Listening to the early universe just got harder. A team led by Alan Kogut of NASA's Goddard Space Flight Center in Greenbelt, Md., has just announced the discovery of cosmic radio noise that booms six times louder than expected.
The finding comes from a balloon-borne instrument named ARCADE, which stands for the Absolute Radiometer for Cosmology, Astrophysics, and Diffuse Emission. In July 2006, the instrument launched from NASA's Columbia Scientific Balloon Facility in Palestine, Texas, and flew to an altitude of 120,000 feet, where the atmosphere thins into the vacuum of space.
ARCADE's mission was to search the sky for heat from the first generation of stars. Instead, it found a cosmic puzzle.
"The universe really threw us a curve," Kogut says. "Instead of the faint signal we hoped to find, here was this booming noise six times louder than anyone had predicted." Detailed analysis ruled out an origin from primordial stars or from known radio sources, including gas in the outermost halo of our own galaxy. The source of this cosmic radio background remains a mystery.
Many objects in the universe emit radio waves. In 1931, American physicist Karl Jansky first detected radio static from our own Milky Way galaxy. Similar emission from other galaxies creates a background hiss of radio noise.
The problem, notes team member Dale Fixsen of the University of Maryland at College Park, is that there don't appear to be enough radio galaxies to account for the signal ARCADE detected. "You'd have to pack them into the universe like sardines," he says. "There wouldn't be any space left between one galaxy and the next."
The sought-for signal from the earliest stars remains hidden behind the newly detected cosmic radio background. This noise complicates efforts to detect the very first stars, which are thought to have formed about 13 billion years ago -- not long, in cosmic terms, after the Big Bang. Nevertheless, this cosmic static may provide important clues to the development of galaxies when the universe was less than half its present age. Unlocking its origins should provide new insight into the development of radio sources in the early universe.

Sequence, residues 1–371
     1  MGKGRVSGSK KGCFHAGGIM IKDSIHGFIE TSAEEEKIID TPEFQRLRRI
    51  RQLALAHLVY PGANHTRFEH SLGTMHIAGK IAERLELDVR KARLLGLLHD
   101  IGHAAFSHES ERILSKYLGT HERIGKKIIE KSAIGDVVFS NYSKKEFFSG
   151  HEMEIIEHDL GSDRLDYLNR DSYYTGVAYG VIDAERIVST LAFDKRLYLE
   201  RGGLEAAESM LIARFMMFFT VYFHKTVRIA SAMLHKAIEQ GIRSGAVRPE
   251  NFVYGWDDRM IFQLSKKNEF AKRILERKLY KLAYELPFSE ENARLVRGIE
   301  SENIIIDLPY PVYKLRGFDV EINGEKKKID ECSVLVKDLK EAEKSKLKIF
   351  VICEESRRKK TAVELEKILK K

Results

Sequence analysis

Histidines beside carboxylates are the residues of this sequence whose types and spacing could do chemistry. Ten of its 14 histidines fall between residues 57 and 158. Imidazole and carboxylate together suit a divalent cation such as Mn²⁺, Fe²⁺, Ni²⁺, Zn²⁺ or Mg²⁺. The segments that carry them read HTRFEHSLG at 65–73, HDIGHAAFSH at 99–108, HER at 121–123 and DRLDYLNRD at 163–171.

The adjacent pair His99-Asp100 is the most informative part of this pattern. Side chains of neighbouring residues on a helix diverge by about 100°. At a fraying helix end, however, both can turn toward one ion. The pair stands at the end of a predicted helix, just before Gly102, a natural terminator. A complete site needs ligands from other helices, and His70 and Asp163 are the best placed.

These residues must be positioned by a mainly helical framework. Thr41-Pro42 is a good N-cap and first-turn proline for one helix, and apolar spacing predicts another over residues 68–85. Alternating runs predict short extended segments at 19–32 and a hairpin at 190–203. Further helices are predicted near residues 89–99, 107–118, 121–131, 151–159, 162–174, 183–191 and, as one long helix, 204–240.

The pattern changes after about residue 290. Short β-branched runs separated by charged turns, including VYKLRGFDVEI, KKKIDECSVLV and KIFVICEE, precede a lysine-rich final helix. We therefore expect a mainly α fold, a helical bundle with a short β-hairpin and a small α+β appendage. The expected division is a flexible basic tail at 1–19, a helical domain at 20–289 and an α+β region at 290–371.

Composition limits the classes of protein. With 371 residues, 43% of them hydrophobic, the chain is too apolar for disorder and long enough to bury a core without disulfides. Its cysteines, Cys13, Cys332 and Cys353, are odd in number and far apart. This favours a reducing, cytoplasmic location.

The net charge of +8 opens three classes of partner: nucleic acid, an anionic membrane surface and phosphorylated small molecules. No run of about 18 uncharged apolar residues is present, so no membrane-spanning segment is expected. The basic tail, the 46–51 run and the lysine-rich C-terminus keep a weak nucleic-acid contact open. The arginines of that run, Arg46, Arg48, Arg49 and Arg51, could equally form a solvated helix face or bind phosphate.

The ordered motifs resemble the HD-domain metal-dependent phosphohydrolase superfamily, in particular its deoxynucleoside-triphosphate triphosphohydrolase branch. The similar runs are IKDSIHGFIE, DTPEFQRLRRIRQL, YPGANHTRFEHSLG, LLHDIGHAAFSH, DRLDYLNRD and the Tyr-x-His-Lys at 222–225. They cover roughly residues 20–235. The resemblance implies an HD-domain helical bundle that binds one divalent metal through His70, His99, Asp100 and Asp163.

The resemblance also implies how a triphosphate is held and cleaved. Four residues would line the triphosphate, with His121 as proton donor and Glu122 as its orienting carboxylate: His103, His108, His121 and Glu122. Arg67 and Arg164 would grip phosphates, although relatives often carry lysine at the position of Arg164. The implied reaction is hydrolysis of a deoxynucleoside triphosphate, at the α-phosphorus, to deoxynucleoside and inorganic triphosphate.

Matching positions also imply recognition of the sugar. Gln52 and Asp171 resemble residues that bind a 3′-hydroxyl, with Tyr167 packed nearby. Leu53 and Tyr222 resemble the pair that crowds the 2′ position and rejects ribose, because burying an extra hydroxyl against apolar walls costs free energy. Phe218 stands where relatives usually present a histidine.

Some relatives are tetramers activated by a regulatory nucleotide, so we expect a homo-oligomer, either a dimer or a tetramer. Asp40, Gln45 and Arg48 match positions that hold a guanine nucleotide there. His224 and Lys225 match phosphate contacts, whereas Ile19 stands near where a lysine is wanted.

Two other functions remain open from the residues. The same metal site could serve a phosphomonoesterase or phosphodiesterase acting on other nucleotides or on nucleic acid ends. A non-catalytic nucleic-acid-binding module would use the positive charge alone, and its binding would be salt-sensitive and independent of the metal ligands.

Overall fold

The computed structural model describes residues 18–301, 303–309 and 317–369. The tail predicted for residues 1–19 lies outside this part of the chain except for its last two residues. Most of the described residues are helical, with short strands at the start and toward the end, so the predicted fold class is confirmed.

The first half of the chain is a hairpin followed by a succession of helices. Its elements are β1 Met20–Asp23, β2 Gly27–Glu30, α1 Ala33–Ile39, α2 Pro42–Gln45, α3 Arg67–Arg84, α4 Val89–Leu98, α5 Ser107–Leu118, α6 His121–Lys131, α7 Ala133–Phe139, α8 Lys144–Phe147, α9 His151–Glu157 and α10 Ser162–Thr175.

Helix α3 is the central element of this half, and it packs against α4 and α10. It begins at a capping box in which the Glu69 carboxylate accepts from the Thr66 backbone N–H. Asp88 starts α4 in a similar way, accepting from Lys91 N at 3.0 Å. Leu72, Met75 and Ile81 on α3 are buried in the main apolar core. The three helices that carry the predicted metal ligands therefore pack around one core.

"This is what makes science so exciting," says Michael Seiffert, a team member at NASA's Jet Propulsion Laboratory in Pasadena, Calif. "You start out on a path to measure something -- in this case, the heat from the very first stars -- but run into something else entirely, something unexplained."
Seiffert and Kogut announced the findings January 7 at the 213th meeting of the American Astronomical Society in Long Beach, Calif. Four papers describing ARCADE's results have been submitted to The Astrophysical Journal.
ARCADE is the first instrument to measure the radio sky with enough precision to detect this mysterious signal. To enhance the sensitivity of ARCADE's radio receivers, they were immersed in more than 500 gallons of ultra-cold liquid helium. The instrument's operating temperature was just 2.7 degrees above absolute zero.
This is the same temperature as the cosmic microwave background (CMB) radiation, the remnant heat of the Big Bang that was itself discovered as cosmic radio noise in 1965. "If ARCADE is the same temperature as the microwave background, then the instrument’s heat cannot contaminate the cosmic signal," Kogut explains.
The NASA-funded project includes scientists and engineers from NASA's Goddard Space Flight Center in Greenbelt, Md.; the Jet Propulsion Laboratory in Pasadena, Calif.; the University of California at Santa Barbara; the University of Maryland; and Brazil's National Institute for Space Research. More than a dozen high school and undergraduate students participated in the payload's development.
The balloon flight was conducted under the auspices of the Balloon Program Office at Wallops Flight Facility by the staff of the Columbia Scientific Balloon Facility.
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